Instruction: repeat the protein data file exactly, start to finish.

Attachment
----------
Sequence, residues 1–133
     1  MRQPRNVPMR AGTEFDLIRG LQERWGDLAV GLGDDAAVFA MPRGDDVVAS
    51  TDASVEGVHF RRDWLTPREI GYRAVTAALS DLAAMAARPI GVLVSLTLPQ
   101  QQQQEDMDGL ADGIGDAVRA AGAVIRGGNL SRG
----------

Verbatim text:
Sequence, residues 1–133
     1  MRQPRNVPMR AGTEFDLIRG LQERWGDLAV GLGDDAAVFA MPRGDDVVAS
    51  TDASVEGVHF RRDWLTPREI GYRAVTAALS DLAAMAARPI GVLVSLTLPQ
   101  QQQQEDMDGL ADGIGDAVRA AGAVIRGGNL SRG